The realities surrounding security in the cloud have been documented in the white paper titled, ‘RSA & The Cloud: Opportunities, capabilities & challenges when considering security and the cloud’.

The paper highlights the three common requirements of businesses moving into the cloud and states: “As enterprises move applications and data to the cloud, every CISO (chief information security officer) is concerned about how their workloads will be secured, the same as if they operated on-premises. They know they don’t get a free pass from hackers just because the data is in the cloud. Threat actors view this as another potential attack vector to be exploited in this new, expanding and highly porous attack surface area of the modern enterprise. The bottom line is that enterprises have the same needs to provide (1) threat detection and response, (2) identity and access management, and (3) enterprise risk management for their assets in the cloud.”

The RSA paper expands on these issues and explains:

“Detecting threats in the cloud: When it comes to security monitoring, customers can’t ignore the cloud as a potential threat attack vector. While it certainly differs from on-premises deployment of security capabilities, the assets still need to be secured. Therefore, enterprises need to have endpoint-to-cloud visibility of all enterprise threats.

“Ensuring people are who they claim to be in the cloud: With so much critical data moving to IaaS and SaaS applications, the CISO needs to have a high degree of assurance that users are who they claim to be when accessing cloud resources.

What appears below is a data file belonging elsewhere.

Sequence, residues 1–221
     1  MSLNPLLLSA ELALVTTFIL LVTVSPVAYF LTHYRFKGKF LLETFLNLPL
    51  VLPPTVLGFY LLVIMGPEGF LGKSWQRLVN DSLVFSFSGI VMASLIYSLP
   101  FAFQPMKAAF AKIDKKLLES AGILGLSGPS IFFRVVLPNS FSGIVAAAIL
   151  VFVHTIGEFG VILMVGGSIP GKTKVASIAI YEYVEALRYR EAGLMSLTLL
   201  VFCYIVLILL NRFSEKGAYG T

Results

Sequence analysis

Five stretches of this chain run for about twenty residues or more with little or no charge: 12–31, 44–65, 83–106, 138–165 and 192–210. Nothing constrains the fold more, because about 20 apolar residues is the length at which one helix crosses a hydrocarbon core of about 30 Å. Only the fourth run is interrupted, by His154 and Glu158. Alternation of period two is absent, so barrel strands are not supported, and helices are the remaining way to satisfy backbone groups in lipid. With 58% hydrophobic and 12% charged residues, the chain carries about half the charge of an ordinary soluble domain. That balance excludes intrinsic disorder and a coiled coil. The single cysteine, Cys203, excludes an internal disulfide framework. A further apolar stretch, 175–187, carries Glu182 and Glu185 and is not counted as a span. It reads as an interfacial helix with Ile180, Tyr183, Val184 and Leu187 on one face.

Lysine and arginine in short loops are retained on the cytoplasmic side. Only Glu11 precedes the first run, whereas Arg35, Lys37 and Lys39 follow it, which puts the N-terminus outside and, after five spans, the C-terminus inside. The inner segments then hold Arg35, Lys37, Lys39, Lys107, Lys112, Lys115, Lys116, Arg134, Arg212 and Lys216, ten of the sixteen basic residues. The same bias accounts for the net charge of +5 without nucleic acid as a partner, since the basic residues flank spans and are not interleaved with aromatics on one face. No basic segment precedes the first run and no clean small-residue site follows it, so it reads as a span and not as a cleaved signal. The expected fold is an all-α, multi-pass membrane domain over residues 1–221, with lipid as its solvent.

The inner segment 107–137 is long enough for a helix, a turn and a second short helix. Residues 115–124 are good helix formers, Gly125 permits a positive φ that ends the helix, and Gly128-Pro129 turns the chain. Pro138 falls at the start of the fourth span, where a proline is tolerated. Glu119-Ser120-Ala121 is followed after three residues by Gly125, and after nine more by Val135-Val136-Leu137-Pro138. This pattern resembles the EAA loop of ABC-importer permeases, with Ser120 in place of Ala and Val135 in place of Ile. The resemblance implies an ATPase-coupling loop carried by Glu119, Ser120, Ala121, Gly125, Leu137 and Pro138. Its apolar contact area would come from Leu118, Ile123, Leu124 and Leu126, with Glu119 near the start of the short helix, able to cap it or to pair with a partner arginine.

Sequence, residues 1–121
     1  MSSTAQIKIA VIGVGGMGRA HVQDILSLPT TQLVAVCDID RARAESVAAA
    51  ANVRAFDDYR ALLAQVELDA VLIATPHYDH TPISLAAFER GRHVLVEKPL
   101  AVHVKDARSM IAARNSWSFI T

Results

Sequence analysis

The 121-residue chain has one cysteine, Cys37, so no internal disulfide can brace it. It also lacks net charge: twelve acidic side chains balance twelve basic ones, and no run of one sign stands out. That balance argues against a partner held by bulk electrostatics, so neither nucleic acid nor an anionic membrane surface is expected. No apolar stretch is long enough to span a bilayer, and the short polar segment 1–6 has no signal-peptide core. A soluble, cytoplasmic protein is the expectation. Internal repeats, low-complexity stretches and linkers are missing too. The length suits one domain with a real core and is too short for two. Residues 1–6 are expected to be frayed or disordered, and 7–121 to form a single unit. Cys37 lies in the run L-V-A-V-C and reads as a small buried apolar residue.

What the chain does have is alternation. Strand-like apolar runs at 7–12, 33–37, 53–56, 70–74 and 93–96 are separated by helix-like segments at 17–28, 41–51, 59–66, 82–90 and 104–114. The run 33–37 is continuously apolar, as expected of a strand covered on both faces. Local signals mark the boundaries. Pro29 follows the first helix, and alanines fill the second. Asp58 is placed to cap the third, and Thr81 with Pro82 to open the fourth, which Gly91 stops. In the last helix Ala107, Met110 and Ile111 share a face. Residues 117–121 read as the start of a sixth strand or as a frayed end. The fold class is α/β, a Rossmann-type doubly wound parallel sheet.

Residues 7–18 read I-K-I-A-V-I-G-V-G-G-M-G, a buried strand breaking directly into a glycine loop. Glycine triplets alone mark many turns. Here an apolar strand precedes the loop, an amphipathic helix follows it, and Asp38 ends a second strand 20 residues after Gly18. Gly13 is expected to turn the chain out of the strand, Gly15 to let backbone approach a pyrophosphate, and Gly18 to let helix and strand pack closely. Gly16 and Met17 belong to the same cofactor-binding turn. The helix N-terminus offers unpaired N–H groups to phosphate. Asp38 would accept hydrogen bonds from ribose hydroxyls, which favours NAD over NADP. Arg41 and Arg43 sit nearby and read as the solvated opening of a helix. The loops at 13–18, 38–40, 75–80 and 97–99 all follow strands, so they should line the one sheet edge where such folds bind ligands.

“Providing insight into ‘who has access to what’ in the cloud: With so many applications, the enterprise needs to ensure that users have the right entitlements to both cloud and on-premises apps, based upon their role. Why is too much access a problem? As identity is such a consequential attack vector, limiting what data and apps a threat actor can gain access to using stolen credentials reduces an organisation’s risk and exposure.

“Understanding risk and compliance of the cloud: A major challenge to any organisation’s cloud strategy comes with tracking how the business is utilising cloud services and its relationships with external providers.”

Concludes Jacobsz: “The paper makes for a thought-provoking read. What stands out, in particular, is the sentence: ‘Security software that can’t operate from the cloud will be left behind’. And being left behind in the digital marketplace…well, that just spells disaster.”

Anton Jacobsz is the MD of African value-added distributor, Networks Unlimited.